House Lust: Lizzie Borden’s Maplecroft Mansion is on the Market

Would you live in a house owned by the infamous Borden sisters?

Don’t worry: It’s not the place where all the axe-murdering happened. It’s the mansion Lizzie Borden — she went by Lisbeth, by then — and her sister, Emma, purchased a year after the grisly deaths of their father and stepmother. Lizzie was tried and acquitted of the 1892 murders but remained the main suspect.

I’m in no way condoning murder in the name of House Lust, but Maplecroft is to die for by any standard — particularly when you compare it to the home Lizzie shared with her sister, father and stepmother. Despite his fortune, Lizzie’s father refused to install electricity or indoor plumbing. Lizzie and Emma spent a portion of their $300,000 inheritance — some $8.6 million in modern currency — on Maplecroft, where Lizzie lived until her death in 1927 at age sixty-six.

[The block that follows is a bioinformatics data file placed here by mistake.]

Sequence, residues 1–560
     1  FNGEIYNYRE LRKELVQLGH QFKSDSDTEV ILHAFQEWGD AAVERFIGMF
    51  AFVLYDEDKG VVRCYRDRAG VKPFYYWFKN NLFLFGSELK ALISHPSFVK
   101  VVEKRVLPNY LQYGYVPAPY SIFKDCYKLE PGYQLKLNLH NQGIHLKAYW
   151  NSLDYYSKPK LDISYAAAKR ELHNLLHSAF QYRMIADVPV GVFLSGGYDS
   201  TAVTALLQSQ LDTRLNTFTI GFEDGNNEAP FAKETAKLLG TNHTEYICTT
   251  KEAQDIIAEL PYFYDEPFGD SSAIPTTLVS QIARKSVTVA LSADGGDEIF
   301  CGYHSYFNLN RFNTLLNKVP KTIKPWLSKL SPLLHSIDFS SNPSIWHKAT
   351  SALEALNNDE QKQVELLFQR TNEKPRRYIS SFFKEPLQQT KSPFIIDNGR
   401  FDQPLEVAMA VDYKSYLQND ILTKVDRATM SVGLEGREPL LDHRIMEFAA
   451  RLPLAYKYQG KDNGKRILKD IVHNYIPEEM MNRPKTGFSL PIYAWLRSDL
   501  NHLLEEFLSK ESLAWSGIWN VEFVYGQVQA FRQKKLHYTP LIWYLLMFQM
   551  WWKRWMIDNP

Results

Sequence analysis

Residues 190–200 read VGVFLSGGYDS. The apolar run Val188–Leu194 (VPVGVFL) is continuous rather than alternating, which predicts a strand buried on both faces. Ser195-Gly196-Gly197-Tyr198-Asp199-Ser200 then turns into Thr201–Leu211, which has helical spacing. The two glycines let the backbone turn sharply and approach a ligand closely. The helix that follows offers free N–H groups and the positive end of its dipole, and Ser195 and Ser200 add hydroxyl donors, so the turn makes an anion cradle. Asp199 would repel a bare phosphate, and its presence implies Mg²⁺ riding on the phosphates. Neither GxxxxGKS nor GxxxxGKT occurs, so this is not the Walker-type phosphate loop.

“When you first walk in the front foyer and you see the grand entrance with the oak staircase and the beautiful fireplace, it really takes your breath away. It’s just so beautiful,” says listing agent Suzanne St. John. “It’s the grandeur Lizzie always wanted.”

In 2017, Maplecroft was purchased by the family that operates the Lizzie Borden Bed and Breakfast and Museum out of the house where the murders took place. They hoped to transform Maplecroft into a bed and breakfast as well, but the pandemic coupled with a family member’s cross-country move made the work all but impossible.

And so Maplecroft is back on the market — though it likely won’t last long. St. John says she’s fielded queries from several interested parties since she listed the home late last month, including a couple with paranormal proclivities. St. John adds succinctly: “When do you ever get a chance to own a place like this?”

Here’s your House Lust:

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